Warmer temperatures are making traditional ways of smoking fish more difficult for the people of the Inuvialuit Settlement Region in Northwestern Canada. People are building thicker roofs on smoke houses and using tarps and other materials to protect fish from heat. website
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Nickels, S. et al. Putting the Human Face on Climate Change Through Community Workshops: Inuit Knowledge, Partnerships, and Research. In Krupnik and Jolly, The Earth is Faster Now: Indigenous Observations of Arctic Environmental Change. p. 323
Thawing permafrost is impacting roads and other infrastructure in Alaska. Recommends the use of projections from Global Circulation Models (GCMs) in decision making process. Recommends more environmental monitoring. website
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Smith, O.P., & Levasseur, G. (n.d.) Impacts of climate Change on Transportation Infrastructure in Alaska. The Potential Impacts of Climate Change on Transportation. US Department of Transportation.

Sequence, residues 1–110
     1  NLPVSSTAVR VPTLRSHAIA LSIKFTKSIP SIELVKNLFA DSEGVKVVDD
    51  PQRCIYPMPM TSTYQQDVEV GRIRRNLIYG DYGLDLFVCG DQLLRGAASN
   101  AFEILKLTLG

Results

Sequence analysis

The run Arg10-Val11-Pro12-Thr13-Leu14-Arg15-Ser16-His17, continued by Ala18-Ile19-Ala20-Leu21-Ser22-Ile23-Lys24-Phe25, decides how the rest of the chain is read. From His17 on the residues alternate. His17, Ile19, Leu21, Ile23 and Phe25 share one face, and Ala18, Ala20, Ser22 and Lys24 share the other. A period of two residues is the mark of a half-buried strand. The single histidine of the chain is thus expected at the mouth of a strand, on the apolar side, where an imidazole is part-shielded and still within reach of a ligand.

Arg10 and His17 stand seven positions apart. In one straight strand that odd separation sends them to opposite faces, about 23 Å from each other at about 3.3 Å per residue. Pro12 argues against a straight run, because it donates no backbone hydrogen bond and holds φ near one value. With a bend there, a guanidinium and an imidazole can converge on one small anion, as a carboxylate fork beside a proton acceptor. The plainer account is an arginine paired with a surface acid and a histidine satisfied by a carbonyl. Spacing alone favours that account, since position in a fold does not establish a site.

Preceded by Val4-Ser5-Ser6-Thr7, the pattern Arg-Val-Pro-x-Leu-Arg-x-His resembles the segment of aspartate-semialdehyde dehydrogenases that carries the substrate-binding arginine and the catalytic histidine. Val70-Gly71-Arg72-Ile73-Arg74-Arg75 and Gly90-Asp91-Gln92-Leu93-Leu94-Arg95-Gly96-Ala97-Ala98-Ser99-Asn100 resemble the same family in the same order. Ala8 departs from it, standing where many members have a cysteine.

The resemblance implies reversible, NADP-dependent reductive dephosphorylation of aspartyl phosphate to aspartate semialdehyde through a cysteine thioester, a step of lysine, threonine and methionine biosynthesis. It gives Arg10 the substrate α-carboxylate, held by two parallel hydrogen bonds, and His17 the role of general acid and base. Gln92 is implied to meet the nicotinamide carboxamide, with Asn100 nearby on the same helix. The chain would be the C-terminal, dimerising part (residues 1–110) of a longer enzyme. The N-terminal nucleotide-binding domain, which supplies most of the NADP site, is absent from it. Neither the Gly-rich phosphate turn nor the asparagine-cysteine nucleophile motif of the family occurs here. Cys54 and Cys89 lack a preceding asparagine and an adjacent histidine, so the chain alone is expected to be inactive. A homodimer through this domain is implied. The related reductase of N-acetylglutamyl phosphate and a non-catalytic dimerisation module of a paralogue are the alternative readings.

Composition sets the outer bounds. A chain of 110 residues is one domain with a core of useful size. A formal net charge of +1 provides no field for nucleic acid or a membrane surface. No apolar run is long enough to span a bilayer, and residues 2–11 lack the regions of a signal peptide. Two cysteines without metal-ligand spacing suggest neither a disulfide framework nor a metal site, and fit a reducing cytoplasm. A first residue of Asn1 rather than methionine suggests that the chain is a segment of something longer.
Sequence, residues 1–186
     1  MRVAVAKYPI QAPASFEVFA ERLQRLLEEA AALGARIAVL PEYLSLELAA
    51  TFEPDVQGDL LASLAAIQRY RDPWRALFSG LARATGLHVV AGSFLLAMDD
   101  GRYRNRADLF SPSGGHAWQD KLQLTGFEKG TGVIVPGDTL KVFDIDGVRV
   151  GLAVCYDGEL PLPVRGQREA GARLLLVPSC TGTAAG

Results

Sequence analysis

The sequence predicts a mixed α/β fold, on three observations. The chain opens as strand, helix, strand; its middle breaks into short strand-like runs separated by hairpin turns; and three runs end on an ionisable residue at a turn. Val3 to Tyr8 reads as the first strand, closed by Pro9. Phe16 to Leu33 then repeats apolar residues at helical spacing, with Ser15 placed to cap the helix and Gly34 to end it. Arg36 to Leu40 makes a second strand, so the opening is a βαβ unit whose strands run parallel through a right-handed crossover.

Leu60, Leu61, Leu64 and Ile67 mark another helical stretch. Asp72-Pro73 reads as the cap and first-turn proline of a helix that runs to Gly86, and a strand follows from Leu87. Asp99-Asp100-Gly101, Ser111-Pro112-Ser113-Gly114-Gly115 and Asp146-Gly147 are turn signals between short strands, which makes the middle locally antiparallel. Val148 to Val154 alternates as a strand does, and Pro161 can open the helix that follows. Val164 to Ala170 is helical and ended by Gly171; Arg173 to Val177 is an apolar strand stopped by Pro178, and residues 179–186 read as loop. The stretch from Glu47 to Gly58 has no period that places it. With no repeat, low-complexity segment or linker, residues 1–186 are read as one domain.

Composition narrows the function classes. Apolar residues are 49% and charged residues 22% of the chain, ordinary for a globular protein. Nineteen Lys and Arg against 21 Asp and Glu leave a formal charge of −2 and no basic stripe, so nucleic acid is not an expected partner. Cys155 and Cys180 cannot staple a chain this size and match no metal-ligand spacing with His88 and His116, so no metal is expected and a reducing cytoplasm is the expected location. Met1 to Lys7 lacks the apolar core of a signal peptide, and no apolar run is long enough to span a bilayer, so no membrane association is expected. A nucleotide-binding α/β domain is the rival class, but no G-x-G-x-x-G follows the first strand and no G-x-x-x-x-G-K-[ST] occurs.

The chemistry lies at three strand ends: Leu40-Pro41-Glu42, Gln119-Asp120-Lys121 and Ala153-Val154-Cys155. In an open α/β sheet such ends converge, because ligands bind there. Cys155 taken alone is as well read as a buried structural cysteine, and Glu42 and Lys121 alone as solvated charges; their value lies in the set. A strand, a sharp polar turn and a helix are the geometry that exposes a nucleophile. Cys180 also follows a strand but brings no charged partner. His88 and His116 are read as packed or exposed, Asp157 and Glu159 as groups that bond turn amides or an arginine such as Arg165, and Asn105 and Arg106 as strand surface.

Coastal erosion is impacting the village of Kivalina, AK. Kivalina is looking to relocate the village.  
Coastal erosion is impacting the village of Shaktoolik, AK. Shaktoolik is posibly looking to relocate. Identified responses include the creation of an emergency evacuation route during storms and the placement of a breakwater or other method for controlling erosion. website
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Kawerak Incorporated. (2006). Shaktoolik Local Economic Development Plan 2006-2011. Kizzia, T. (2008). State begins planning to rescue villages from the sea. Anchorage Daily News.